Tomlins begins with the writings of Richard Hakluyt the elder (1552–1616), lawyer, MP and propagandist of empire, organizing the first of his book’s three parts around Hakluyt’s famous triptych of ‘manning, planting and keeping’ colonies. Law was crucial to ‘manning’ in the sense that the early Stuart monarchs possessed the authority to forbid any subject from departing the realm without licence. Population was in effect a resource that the king could keep within his realm, or deploy abroad if such were deemed politic. All the seventeenth-century charters contained express provision on this subject because it was legally necessary.7
Law was also crucial to planting and keeping: it had to provide justifications for dispossessing the native peoples, for keeping other European powers at bay, and for ensuring that settlers’ title to their ‘improvements’ would be protected. At the level of developing international law, it was Roman law that provided the intellectual infrastructure underpinning the rules that states accepted as governing their relations inter se with respect to claiming ‘new’ territories.8 However, when a monarch wished to impose his or her rule on such a territory there was room for national variation, and thus a variety of laws of colonization. Here, Tomlins argues that a specifically English discourse around the legality of appropriation by construction (or improvement) evolved, which he traces through the various charters from that of the Virginia Company in 1607 down to William Penn’s charter of 1681, and including various charters of the Newfoundland proprietary colonies of the seventeenth century.9 Conspicuously absent from Tomlins’s inventory is the longest-lived of all the English charters, that of the Hudson’s Bay Company (HBC) granted in 1670, to which we will return later.
Tomlins’s central insight here is expressed as follows:
[While] Spanish colonizing was a narrative of the conquest of peoples living in civil societies, [the] narrative of English colonizing is one that progressively banishes existing inhabitants to the margins of its consciousness by denying their civic capacity, their sociability. In the English narrative the indigenous become brutes, in whose place the colonizer first desires, then actively imagines, an empty landscape to populate anew.10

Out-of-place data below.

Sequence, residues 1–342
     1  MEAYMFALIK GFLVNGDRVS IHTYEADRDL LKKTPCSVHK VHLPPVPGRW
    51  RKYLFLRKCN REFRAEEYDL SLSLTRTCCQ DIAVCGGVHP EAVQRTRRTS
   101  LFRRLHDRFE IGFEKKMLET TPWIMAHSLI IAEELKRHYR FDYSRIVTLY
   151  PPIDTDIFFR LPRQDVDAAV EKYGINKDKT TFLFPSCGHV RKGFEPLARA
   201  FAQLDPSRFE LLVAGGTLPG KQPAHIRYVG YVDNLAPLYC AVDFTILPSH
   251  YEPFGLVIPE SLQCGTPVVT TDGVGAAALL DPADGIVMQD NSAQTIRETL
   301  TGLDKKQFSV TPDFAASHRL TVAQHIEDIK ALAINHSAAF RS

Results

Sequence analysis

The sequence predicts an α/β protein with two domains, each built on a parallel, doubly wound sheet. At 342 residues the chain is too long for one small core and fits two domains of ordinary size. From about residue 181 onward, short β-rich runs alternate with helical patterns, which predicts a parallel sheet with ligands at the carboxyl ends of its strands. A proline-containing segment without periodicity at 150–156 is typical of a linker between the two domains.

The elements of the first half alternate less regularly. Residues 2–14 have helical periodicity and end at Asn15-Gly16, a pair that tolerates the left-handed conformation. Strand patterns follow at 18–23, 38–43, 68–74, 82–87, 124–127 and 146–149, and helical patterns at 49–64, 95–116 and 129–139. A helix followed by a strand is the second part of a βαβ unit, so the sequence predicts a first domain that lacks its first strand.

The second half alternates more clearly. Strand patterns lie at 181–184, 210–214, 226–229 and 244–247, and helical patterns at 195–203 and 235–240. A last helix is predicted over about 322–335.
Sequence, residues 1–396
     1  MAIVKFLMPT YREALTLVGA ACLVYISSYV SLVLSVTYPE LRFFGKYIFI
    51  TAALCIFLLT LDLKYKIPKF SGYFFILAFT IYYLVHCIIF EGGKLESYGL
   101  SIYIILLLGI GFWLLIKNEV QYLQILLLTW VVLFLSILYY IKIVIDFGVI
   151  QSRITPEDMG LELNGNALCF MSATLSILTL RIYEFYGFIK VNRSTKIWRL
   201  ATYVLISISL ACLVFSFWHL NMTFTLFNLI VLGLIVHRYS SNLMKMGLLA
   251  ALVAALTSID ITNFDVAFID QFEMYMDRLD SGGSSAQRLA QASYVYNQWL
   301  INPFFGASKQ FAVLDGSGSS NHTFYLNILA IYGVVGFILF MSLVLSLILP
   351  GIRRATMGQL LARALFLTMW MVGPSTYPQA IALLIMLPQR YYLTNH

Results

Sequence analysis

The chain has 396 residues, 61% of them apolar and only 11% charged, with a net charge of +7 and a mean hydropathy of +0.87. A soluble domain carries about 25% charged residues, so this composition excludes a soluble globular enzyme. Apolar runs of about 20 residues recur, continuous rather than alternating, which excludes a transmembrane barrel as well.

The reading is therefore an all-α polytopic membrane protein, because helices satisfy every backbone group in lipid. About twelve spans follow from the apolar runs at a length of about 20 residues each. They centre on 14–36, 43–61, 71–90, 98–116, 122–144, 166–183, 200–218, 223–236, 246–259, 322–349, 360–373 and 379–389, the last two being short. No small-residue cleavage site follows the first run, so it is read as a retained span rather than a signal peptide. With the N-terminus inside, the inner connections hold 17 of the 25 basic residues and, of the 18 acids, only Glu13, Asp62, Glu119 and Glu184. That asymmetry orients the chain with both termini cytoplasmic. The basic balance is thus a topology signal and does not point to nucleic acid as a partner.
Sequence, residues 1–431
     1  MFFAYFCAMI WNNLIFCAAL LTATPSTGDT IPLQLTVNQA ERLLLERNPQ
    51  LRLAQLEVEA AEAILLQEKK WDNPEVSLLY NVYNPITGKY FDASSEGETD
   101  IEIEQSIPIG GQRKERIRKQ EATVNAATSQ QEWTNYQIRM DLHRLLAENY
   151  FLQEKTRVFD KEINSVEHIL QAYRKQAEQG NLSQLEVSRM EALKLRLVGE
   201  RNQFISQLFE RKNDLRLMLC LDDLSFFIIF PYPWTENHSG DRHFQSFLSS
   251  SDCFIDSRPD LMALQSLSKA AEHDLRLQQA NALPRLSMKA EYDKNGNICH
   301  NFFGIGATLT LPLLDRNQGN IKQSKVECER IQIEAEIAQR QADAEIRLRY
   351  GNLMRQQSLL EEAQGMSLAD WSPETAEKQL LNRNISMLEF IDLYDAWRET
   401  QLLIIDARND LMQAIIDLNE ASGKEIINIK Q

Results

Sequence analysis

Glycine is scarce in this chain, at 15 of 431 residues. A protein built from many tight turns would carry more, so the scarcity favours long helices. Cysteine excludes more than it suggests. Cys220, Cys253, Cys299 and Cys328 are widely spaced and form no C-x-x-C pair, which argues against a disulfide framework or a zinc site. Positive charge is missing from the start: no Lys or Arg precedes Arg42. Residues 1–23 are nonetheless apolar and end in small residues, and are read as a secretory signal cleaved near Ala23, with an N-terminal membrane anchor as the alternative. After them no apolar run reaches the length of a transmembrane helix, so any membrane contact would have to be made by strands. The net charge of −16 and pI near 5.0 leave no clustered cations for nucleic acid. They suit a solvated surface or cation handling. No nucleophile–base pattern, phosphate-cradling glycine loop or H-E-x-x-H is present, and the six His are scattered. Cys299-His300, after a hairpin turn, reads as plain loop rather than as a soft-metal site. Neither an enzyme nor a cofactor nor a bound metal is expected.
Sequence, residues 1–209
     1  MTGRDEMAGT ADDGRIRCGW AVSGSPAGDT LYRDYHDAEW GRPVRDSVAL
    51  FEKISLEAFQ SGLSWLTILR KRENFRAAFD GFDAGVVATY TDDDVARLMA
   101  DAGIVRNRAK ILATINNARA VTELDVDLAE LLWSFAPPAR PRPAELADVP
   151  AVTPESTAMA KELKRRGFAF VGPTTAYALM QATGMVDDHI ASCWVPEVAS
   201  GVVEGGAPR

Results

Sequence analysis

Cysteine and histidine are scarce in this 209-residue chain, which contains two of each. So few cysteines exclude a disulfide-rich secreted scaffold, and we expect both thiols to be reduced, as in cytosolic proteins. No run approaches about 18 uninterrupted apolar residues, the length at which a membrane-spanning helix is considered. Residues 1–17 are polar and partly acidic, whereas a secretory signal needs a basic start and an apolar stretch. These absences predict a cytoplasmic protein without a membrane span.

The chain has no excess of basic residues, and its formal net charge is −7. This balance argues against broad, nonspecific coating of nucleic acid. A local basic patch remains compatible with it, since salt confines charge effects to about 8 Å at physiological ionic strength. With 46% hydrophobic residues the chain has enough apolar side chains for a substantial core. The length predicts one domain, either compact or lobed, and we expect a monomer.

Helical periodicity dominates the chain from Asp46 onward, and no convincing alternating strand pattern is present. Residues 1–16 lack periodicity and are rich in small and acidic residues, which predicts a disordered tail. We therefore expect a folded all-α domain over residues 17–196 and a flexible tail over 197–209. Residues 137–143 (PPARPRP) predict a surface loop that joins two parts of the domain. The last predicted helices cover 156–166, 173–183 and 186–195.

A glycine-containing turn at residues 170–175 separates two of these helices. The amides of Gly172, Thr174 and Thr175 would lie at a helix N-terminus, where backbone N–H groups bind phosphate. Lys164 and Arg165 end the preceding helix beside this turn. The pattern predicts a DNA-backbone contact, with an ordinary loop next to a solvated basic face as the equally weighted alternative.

This new narrative ‘elevated land over people as the primary object of the colonizer’s attention. It rearranged both the legalities and the institutional mechanisms of colonizing accordingly’.11
For Tomlins this narrative became particularly potent after the near-destruction of Jamestown, Virginia in 1622, when one third of the inhabitants were killed in a surprise attack by members of the Powhatan Confederacy. Far from bemoaning the attack, Edward Waterhouse, a spokesman for the Virginia Company, rejoiced in it, observing:
[It] must needs bee for the good of the Plantation.… [O]ur hands which before were tied with gentlenesse and faire visage, are now set at liberty by the treacherous violence of the Sauages.… So that we… may now by right of Warre, and law of Nations, invade the Country, and destroy them who sought to destroy us: whereby wee shall enjoy their cultivated places, turning the laborious Mattocke into the Victorious Sword… and possessing the fruits of others’ labours.12
And in retaliation for the attack, the English indeed gave no quarter.13 After this event, ‘indigenous populations suddenly begin to appear not as inhabitants of the territories in question, with whom some form of mutual accommodation might be reached, but as deadly alien enemies threatening [the settlers] from beyond’.14
The charters, in Tomlins’s account, both reflect and reinforce the holy trinity of manning, planting and keeping that defines native peoples as exterior to the great work of improvement. In spite of this unifying theme, however, the charters also speak to localism and helped foster a sense of local identity and indeed ‘rights’. For Tomlins, these became increasingly important as loci of resistance over the course of the seventeenth century, as the imperial centre became more interested in directing its overseas possessions, subjecting them to a uniform hierarchy of rule, and integrating them into a transatlantic economic and political system that would advance metropolitan interests.15 As Elizabeth Mancke observes, the rights and privileges referred to in the charters ‘became customary practices and were integral to colonists’ understandings of their constitutions, which, in the concluding narratives, were violated by the Ministry and Parliament and then compounded by the king who did not stop the usurpations’.16
The ‘law of colonization’ from a northern perspective
In spite of the phrase ‘English America’ in its title, and occasional references to Nova Scotia and Newfoundland, Freedom Bound is clearly about that portion of English America that will go on to become the United States of America. Nonetheless, it is worth asking whether its broad themes can shed light on the Canadian experience, in particular the role of law in the colonizing experience and the encounter with native peoples.